Healthcare@Mumbai is not-so-pink

Updated on: Apr 26, 2012

Major expansion, new projects are being undertaken, but better distribution of these across the city is the need of the hour

Armed with a bottle of water and towel in hand, it is not rare to see the Mumbaikar catching a breath of fresh air, running down the promenade alongside the sea at Marine Drive or walking briskly at the Mahalaxmi race-course.

Awareness on lifestyle-driven health concerns such as hypertension, obesity and diabetes is high. And the health-conscious in the city that never sleeps are trying to keep these concerns at bay through sheer physical activity and better lifestyle.

Rising demand

But as Mumbai's population increases beyond 18 million, so is the demand for healthcare facilities. The city is seeing an increase in hospital facilities through the expansion of existing hospitals and through new projects. But that is not enough, say representatives working with leading city hospitals. The need is for better distribution of good hospitals across the ever-expanding city, they point out.

Existing hospitals such as the charitable trust-run P. D. Hinduja or the Fortis-healthcare group managed S. L. Raheja Hospital in the private sector are seeing a massive scale-up in beds, facilities and specialisation. They are located in and around South or Central Mumbai.

In the Government-run space is JJ Hospital — whose corridors and lectures halls have been captured in one of Hindi cinemas' most thought-provoking comedies Munna Bhai MBBS . The hospital, that stands tall in the heart of the city, is also set for major expansion.

All hospital projects coming up in South and Central Mumbai are expansions at existing sites or previously committed sites through charitable trusts or the Government, observes Dr Vivek Desai, Managing Director of healthcare consultancy group, Hosmac India.

Govt incentives

As the population, affluence and bed-requirements go up in the city, the Government needs to step in with incentives such as subsidised land or tax incentives to encourage more hospital chains to brave prohibitive real-estate prices, he observed.

Echoing similar thoughts on the city being under-serviced when it comes to healthcare is Fortis Regional Director for the Western and Eastern regions, Mr Varun Khanna. The Government has to step into with “doable” partnerships as the city's demand increases, he observes.

Monsoons lash the city every year, and yet there is a shortage of beds every year during this season as infections increase, he says, illustrating his observation.

Dividing Mumbai into five zones, he says, the corporate presence is still poor — as South Mumbaiites get serviced by about 75 per cent of the city's bed-capacity.

Given the potential Mumbai has, it has not reached the position it could achieve, he points out, adding that this was sad as the city boasts the finest medical hands.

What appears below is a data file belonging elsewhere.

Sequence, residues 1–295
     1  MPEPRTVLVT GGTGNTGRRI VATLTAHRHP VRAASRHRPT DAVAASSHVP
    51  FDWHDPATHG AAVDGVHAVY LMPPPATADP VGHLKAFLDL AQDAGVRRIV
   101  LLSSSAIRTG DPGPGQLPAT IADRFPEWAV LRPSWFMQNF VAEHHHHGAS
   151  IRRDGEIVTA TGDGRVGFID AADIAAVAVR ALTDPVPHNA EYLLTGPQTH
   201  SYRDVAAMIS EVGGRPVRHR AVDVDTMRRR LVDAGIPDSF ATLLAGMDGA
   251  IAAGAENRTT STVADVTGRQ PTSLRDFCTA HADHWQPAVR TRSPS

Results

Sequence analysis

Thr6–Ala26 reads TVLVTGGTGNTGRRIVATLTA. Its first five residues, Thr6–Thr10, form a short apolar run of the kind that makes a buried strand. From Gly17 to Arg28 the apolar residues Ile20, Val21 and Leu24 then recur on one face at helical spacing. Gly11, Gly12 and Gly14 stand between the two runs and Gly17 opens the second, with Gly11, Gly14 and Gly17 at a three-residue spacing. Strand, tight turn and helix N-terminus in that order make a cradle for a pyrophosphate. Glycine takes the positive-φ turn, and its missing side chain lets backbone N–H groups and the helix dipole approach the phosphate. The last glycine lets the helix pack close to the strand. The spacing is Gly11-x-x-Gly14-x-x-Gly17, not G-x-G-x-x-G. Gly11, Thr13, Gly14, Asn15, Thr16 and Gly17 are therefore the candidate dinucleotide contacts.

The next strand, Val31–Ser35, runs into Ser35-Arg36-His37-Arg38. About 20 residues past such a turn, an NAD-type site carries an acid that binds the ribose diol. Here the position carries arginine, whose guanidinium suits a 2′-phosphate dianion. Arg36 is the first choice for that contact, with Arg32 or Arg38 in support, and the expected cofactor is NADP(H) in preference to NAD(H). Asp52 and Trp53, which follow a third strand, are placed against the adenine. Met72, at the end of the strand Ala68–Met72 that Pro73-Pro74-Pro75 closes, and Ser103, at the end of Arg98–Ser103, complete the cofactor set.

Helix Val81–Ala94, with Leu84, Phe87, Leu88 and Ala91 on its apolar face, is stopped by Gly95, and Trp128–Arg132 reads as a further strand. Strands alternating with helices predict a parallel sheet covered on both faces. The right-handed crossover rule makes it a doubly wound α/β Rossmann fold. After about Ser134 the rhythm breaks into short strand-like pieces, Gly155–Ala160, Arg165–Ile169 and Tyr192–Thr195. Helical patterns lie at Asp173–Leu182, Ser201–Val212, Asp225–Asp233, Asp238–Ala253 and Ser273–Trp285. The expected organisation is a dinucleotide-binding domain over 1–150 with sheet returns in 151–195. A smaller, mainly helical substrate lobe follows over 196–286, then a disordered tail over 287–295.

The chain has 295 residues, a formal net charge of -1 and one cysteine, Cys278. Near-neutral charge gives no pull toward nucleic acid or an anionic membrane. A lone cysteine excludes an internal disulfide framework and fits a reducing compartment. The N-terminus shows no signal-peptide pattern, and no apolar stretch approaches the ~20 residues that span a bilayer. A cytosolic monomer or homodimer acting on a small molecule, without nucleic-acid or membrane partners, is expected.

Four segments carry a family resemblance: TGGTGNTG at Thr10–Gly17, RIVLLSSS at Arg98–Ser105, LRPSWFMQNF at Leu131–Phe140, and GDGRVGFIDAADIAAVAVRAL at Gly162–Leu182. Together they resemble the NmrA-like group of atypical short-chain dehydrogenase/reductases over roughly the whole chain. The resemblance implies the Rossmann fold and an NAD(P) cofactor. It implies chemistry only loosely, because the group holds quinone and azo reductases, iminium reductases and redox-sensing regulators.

The city needs quality and standardised healthcare projects which are accessible to patients across the city. This will ease the rush of patients to the few hospitals at hand, besides attracting patients from neighbouring States as well, he adds.

Expansion drive

Over the last few years and running into the next few years, Mumbai will be seeing expansion at the P.D. Hinduja Hospital. A new “boutique” Hinduja Hospital at Khar, with about 110 beds and promising personalised care for the paying population has recently become operational. A makeover is said to be in order at the Sir H. N. Hospital, supported by Mukesh Ambani's Reliance Industries. And significant investments in beds, technology and resources are under way at Fortis-managed S. L. Raheja.

The Government-owned JJ Hospital is set to see massive expansion over the next three-four years, with a super-specialty 20-floor tower coming up at the existing location.

Other large additions to the city in the last about five years include the Kokilaben Dhirubhai Ambani Hospital, Seven Hills Hospital in the suburbs and Saifee Hospital in South Mumbai. On the anvil also is a hospital project by Global Hospitals, scheduled to become operational shortly. Wockhardt has a project in Central Mumbai and Dr Devi Shetty's Narayana Hrudayalaya is setting up a 1000-bed children's hospital, at Haji Ali, also in the heart of the city.

As more hospitals mushroom, the city's healthcare profile too is changing, with people getting their procedures done in the country, than fly abroad for it, observes Breach Candy's Chief Executive, Mr N. Santhanam.

Willing to pay

In a growing economy, cities witness people opting for housing, complete with club-house facilities, swimming pool, and so on. Similarly, in large hospitals, the paying Indian resident is willing to fork out anywhere between Rs 8,000 and Rs 15,000 for a suite, he points out.

But Mumbai grapples with the paradox that confronts healthcare across the country — where a small section of people are able to pay their way through, while a large section are unable to afford and access healthcare facilities.

Hospital representatives, however, counter that they are taking some of the patient-load off Government hospitals, so the pressure eases and public hospitals are able to take in those who need treatment, but do not have the means.

Published on November 15, 2017

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